Role of Hypoxic OPC in Angiogenesis
Kishida, Natsue Kyoto University
Maki, Takakuni Kyoto University
Takagi, Yasushi Kyoto University|Tokushima University Tokushima University Educator and Researcher Directory
Yasuda, Ken Kyoto University
Kinoshita, Hisanori Kyoto University
Ayaki, Takashi Kyoto University
Noro, Takayuki Kyoto University
Kinoshita, Yusuke KAN Research Institute
Ono, Yuichi KAN Research Institute
Kataoka, Hiroharu Kyoto University
Yoshida, Kazumichi Kyoto University
Lo, Eng H. Massachusetts General Hospital|Harvard Medical School
Arai, Ken Massachusetts General Hospital|Harvard Medical School
Miyamoto, Susumu Kyoto University
Takahashi, Ryosuke Kyoto University
Background－Oligodendrocyte precursor cells (OPCs) regulate neuronal, glial, and vascular systems in diverse ways and display phenotypic heterogeneity beyond their established role as a reservoir for mature oligodendrocytes. However, the detailed phenotypic changes of OPCs after cerebral ischemia remain largely unknown. Here, we aimed to investigate the roles of reactive OPCs in the ischemic brain.
Methods and Results－The behavior of OPCs was evaluated in a mouse model of ischemic stroke produced by transient middle cerebral artery occlusion in vivo. For in vitro experiments, the phenotypic change of OPCs after oxygen glucose derivation was examined using a primary rat OPC culture. Furthermore, the therapeutic potential of hypoxic OPCs was evaluated in a mouse model of middle cerebral artery occlusion in vivo. Perivascular OPCs in the cerebral cortex were increased alongside poststroke angiogenesis in a mouse model of middle cerebral artery occlusion. In vitro RNA‐seq analysis revealed that primary cultured OPCs increased the gene expression of numerous pro‐angiogenic factors after oxygen glucose derivation. Hypoxic OPCs secreted a greater amount of pro‐angiogenic factors, such as vascular endothelial growth factor and angiopoietin‐1, compared with normoxic OPCs. Hypoxic OPC‐derived conditioned media increased the viability and tube formation of endothelial cells. In vivo studies also demonstrated that 5 consecutive daily treatments with hypoxic OPC‐conditioned media, beginning 2 days after middle cerebral artery occlusion, facilitated poststroke angiogenesis, alleviated infarct volume, and improved functional disabilities.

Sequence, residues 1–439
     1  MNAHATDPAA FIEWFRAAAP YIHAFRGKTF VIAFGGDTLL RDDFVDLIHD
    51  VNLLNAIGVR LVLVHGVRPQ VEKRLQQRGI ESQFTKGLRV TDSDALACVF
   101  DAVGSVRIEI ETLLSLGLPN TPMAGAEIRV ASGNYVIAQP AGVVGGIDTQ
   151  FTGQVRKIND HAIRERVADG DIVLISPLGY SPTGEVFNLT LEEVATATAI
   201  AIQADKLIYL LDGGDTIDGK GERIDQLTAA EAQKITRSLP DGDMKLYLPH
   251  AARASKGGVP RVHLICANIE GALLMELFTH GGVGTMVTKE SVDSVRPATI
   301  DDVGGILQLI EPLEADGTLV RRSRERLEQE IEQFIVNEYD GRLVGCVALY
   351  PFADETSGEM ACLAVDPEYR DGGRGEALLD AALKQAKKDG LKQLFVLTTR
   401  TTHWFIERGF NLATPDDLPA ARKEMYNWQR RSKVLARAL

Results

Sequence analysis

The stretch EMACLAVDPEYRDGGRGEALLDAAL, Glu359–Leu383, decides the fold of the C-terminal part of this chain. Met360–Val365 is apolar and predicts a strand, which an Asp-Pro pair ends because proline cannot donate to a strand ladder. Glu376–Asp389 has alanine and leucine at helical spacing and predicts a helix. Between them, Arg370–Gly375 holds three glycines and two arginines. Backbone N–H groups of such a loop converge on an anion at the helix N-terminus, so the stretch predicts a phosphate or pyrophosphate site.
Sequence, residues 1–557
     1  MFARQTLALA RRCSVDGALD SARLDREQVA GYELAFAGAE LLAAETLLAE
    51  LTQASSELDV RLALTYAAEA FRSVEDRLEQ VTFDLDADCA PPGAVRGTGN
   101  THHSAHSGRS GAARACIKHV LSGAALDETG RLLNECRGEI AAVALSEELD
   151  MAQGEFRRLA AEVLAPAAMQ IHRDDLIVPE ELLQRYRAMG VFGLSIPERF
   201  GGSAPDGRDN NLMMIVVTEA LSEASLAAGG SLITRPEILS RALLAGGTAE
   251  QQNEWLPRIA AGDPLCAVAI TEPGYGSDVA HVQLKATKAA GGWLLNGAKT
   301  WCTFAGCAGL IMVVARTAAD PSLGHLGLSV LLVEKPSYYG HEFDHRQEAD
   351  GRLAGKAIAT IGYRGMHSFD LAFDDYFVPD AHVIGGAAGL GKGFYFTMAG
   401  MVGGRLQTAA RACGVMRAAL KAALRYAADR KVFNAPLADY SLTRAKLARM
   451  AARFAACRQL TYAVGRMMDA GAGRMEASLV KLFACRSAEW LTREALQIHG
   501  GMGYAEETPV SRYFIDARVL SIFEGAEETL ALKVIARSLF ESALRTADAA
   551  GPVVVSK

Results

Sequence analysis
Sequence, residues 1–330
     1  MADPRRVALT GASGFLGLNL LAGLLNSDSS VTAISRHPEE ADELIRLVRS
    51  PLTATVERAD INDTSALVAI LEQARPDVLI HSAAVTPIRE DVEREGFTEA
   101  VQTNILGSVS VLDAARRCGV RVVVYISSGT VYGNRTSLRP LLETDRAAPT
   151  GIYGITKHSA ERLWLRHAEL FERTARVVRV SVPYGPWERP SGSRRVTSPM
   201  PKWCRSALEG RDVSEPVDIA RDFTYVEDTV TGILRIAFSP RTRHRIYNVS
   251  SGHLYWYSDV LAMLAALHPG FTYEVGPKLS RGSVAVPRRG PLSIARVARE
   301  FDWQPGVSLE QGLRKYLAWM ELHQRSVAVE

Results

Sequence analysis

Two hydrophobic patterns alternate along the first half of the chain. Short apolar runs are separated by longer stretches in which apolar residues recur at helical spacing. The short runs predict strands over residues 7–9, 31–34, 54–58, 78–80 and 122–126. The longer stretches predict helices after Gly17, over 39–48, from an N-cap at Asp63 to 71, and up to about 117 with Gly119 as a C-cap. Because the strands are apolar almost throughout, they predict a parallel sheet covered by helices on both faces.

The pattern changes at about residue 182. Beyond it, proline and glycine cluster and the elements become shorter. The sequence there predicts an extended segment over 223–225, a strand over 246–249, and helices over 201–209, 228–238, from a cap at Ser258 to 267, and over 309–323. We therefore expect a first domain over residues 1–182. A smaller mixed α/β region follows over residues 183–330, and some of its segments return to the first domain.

Conclusions－Following cerebral ischemia, the phenotype of OPCs in the cerebral cortex shifts from the parenchymal subtype to the perivascular subtype, which can promote angiogenesis. The optimal use of hypoxic OPCs secretome would provide a novel therapeutic option for stroke.
Journal of the American Heart Association
The American Heart Association
© 2019 The Authors. Published on behalf of the American Heart Association, Inc., by Wiley. This is an open access article under the terms of the Creative Commons Attribution-NonCommercial License(https://creativecommons.org/licenses/by-nc-nd/4.0/), which permits use, distribution and reproduction in any medium, provided the original work is properly cited and is not used for commercial purposes.
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